Our very own NICK on “Learning to Be Authentic”

When I first met Follow the Leader’s director Jonathan at Pennsylvania Boys State six years ago, I enjoyed being the guy (if only a 16-year-old guy at that) behind the camera – not in front of it.

In fact, I first struck up conversation with Jonathan because I was fascinated with his camera (especially the fluffy microphone), and wanted to learn more about his project. In high school, I co-produced a documentary about a failed dam project in my hometown of Milford, Pennsylvania. And I loved picking up the old home camcorder on the weekends to make ridiculous short movies with some friends in my neighborhood.

Being a participant in a film was something I never imagined nor desired, and I was particularly skeptical about a film focused on me. So what was it like?

Participating in a documentary is not like acting in a movie. That much I knew from the start and was comfortable with, because I never liked acting. It is also not like being interviewed for the 6:00 News (even for a very long interview!). This second difference took some time for me to learn and was, perhaps, the aspect I struggled with the most.

For anyone who aspires to be involved in politics, being authentic on-camera, or with any other recording device for that matter, is tough. Gosh, you might do something stupid, or say something that can sound terribly or be taken out of context (or, worse, in context). But Jonathan would always encourage authenticity because, he said, people respond better to human stories and honesty…the good, the bad and the ugly.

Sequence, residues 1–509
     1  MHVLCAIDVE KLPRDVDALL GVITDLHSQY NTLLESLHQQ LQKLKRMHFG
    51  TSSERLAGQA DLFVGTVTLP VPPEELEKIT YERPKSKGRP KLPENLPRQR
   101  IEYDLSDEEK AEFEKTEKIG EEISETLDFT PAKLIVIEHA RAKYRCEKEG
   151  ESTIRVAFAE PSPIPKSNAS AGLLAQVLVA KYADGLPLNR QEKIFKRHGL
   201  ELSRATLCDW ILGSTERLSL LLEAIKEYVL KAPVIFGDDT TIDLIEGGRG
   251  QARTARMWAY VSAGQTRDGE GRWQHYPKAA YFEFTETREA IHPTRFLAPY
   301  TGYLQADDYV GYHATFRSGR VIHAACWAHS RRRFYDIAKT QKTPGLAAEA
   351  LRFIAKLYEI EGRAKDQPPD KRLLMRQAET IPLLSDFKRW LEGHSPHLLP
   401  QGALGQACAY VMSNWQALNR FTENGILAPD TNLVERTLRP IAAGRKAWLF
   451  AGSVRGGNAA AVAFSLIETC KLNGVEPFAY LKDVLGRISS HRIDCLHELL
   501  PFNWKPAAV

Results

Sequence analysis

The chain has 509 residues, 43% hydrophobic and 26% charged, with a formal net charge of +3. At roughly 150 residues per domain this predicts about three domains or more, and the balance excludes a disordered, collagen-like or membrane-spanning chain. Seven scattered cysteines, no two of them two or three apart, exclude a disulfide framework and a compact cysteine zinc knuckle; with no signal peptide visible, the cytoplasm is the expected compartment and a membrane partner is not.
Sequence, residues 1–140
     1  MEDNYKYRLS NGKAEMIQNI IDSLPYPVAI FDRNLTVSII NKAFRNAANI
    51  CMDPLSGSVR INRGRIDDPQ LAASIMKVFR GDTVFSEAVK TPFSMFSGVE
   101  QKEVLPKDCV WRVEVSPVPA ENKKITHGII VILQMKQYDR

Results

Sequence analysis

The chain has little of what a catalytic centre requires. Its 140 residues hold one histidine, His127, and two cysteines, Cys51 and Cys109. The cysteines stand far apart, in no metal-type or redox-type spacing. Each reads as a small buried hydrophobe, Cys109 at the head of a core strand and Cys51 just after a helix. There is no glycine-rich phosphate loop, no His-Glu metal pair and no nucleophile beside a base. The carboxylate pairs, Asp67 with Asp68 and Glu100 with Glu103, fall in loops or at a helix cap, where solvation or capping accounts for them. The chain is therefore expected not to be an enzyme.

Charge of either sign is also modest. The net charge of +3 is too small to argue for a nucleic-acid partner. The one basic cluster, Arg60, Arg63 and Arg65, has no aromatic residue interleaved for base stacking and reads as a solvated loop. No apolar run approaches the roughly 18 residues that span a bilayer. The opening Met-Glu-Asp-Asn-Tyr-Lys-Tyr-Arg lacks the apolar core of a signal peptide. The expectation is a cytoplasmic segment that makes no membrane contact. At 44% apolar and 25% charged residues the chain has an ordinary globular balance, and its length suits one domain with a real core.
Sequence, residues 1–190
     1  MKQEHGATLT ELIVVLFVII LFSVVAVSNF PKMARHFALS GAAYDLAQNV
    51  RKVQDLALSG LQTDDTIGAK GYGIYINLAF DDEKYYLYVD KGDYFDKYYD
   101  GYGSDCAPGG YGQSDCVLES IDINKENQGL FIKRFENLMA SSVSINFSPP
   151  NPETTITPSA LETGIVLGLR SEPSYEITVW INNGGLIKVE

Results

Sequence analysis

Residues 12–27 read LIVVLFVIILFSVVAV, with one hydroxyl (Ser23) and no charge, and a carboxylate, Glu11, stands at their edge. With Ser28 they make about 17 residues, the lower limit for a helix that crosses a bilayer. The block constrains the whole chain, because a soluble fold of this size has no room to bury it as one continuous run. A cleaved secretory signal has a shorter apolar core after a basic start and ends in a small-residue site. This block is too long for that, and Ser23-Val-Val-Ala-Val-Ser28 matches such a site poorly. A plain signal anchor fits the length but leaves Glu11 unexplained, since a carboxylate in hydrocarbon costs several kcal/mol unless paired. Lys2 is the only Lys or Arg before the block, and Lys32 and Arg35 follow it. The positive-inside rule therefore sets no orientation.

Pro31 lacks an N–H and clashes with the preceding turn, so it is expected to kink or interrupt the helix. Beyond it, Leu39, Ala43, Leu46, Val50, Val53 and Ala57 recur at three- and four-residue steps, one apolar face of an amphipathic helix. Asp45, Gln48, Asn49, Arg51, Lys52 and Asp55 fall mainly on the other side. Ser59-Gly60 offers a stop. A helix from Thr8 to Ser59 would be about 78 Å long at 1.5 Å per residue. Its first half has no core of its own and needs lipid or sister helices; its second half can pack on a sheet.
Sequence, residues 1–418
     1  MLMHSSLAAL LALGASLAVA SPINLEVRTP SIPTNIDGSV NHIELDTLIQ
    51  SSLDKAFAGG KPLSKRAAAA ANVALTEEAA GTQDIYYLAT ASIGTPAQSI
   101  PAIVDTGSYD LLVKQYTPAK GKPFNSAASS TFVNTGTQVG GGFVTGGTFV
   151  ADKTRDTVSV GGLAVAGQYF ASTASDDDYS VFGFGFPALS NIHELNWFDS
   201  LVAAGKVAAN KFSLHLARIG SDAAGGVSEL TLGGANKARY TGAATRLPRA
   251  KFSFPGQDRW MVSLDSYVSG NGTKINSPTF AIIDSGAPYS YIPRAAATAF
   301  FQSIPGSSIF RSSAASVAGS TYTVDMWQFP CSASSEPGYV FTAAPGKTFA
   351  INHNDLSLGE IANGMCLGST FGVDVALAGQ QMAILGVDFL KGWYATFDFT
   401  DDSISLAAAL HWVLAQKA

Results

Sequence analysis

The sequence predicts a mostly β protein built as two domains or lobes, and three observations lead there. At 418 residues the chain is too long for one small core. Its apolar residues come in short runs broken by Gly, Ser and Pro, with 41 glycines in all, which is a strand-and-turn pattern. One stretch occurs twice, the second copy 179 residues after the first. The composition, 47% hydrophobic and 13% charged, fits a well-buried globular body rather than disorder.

OK, thanks for the CNN answer…now what do you really think?,” he would say.

As I got to know Jonathan more, and frankly trusted him more, participating in the documentary was more like going through life with a new friend who just happened to bring a camera along to our adventures and occasionally shouted some questions. I would at times forget altogether that a microphone was clipped to me (which made for some awkward moments!).

In the end, it all paid off. In watching the film for the first time, I saw my very real, unfiltered life – not an interview on the news. I saw a journey of political persuasion, personal relationships, and professional development – being shaped by time, experience and my environment.

And while my personal reaction to some scenes was like sucking on sour candy, I got the sense from those around me that they could relate to my story and learn something from it for their own lives. At a recent preview screening in Washington, D.C., a member of the audience even thanked me for opening up my life, realizing it’s not an easy thing to do.

So I’m glad I took Jonathan’s advice about authenticity and just being me. (A certain Republican nominee for president might also stand to benefit from doing the same.)